“General Kwaziak,” Tarzier announced by means of introduction, taking up a guard stance beside the chair.

“Sir,” Wikus replied, placing his open palm against his chest and bowing his head in the gesture of respect Yeen had taught him.

Kwaziak reciprocated the greeting. “Thank you for coming, young one! We’ve been told so much about you and your people. I’m pleased that we can speak to you in person at last. Please, sit.”

Wikus found it peculiar that the General had learned of mankind and still wished to hold an audience with him. For that matter, the soldier’s attitude altogether was quite unusual. He spoke in such a hospitable manner that Wikus almost felt like a relation. He couldn’t decide if it was a result of old age or a quirk particular to this poleepkwa, but it did put his mind at ease a bit. He hopped up onto the cushion which, although comfortable enough, was clearly designed for a much larger creature; once seated, Wikus’s feet dangled a few inches from the floor.

“Thank you very much for seeing me, I understand what an honor this is,” Wikus began modestly.

“Oh, not at all!” Kwaziak chuckled with a wave of his hand, “we are all family here.”

Something about the statement struck a cord in Wikus and he came to a sudden realization. “Forgive me sir, but, you two are related, is that right?” he inquired timidly, pointing between Kwaziak and Tarzier. He could see that the patterns on both soldier’s forearms and legs matched.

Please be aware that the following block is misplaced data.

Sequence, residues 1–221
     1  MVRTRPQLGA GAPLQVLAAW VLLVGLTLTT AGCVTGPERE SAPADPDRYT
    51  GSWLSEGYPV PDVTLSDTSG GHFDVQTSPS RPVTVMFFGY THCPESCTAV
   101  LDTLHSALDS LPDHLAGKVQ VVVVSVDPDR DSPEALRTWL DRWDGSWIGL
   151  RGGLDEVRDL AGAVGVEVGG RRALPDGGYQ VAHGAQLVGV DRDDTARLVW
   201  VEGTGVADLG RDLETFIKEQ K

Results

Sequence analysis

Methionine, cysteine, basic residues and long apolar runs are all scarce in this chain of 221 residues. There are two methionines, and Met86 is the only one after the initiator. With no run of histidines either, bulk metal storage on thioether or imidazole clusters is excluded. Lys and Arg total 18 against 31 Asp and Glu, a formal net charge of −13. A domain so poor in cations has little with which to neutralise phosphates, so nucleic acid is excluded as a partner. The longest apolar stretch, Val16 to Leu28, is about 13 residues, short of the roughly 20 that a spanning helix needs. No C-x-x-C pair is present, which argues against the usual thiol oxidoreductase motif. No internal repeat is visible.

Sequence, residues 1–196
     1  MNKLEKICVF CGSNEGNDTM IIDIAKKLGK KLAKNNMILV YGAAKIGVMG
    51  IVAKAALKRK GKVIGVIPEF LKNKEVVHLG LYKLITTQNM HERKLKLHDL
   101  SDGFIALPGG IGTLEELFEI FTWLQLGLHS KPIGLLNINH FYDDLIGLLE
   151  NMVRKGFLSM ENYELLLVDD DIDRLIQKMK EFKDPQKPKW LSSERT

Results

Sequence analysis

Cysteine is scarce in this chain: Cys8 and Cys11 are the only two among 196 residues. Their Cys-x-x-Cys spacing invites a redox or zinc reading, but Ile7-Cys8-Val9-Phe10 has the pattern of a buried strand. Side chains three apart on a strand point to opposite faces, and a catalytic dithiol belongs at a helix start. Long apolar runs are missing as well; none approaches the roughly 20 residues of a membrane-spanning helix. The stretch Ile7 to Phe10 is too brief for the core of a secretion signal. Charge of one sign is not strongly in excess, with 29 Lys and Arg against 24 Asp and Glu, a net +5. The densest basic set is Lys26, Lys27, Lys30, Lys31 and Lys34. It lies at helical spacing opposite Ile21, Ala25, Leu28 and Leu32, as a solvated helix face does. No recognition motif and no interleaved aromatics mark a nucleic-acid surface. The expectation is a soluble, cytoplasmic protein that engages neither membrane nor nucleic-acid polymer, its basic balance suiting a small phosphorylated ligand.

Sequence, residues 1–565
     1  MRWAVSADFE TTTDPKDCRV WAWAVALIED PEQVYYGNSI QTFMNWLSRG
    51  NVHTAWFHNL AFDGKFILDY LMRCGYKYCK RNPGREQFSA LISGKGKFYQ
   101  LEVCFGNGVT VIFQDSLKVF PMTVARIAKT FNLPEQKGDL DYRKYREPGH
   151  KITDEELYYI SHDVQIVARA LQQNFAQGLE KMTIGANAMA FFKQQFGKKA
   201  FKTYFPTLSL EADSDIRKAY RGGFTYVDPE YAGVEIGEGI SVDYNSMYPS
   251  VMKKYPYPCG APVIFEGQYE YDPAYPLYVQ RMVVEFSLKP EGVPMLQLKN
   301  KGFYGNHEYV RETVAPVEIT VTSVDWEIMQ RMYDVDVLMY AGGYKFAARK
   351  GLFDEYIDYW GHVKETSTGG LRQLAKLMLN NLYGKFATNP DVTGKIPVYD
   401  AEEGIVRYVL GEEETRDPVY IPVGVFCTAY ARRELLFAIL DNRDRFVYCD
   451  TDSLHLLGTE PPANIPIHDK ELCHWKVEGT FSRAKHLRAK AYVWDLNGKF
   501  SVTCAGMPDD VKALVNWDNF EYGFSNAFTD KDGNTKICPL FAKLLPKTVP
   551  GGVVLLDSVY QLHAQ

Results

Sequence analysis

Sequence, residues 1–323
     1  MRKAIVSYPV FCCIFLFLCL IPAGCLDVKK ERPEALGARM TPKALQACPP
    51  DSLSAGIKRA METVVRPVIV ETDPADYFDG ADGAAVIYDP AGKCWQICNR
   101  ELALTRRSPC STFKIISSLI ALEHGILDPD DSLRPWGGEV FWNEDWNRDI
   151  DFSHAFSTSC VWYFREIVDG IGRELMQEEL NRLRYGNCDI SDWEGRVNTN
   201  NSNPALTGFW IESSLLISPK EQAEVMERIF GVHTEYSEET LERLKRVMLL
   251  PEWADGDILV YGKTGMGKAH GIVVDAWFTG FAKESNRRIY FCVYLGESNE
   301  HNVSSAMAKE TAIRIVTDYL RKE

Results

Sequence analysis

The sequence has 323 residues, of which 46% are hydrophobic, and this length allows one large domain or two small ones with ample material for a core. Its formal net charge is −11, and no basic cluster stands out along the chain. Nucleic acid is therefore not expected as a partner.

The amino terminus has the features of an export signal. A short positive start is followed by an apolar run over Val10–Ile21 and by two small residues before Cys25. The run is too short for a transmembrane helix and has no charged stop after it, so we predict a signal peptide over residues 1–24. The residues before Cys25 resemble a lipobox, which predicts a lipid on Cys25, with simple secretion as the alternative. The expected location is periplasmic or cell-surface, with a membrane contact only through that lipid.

“Why, yes! Tarzier is my grandson,” Kwaziak answered happily. The younger warrior appeared far less amused, but Wikus would have expected nothing less. “Shall I tell you a story about his childhood? Oh, he was such a little monster....”

Tarzier’s widened eyes quickly narrowed as he stared an unspoken warning at the vulnerable human. Wikus knew he would certainly be in for a pounding later, but he couldn’t resist the temptation. “Yes, please!” he grinned.

“Well, from the moment he hatched.....” Kwaziak began, and was swiftly interrupted by a noisy cough from his grandson. Fortunately for Tarzier’s dignity, there was just cause for the interlude. Both poleepkwa were now respectfully somber, their attention focused on the opposite end of the platform. Wikus shifted on his cushion so that he could see as well, and he was immediately enraptured.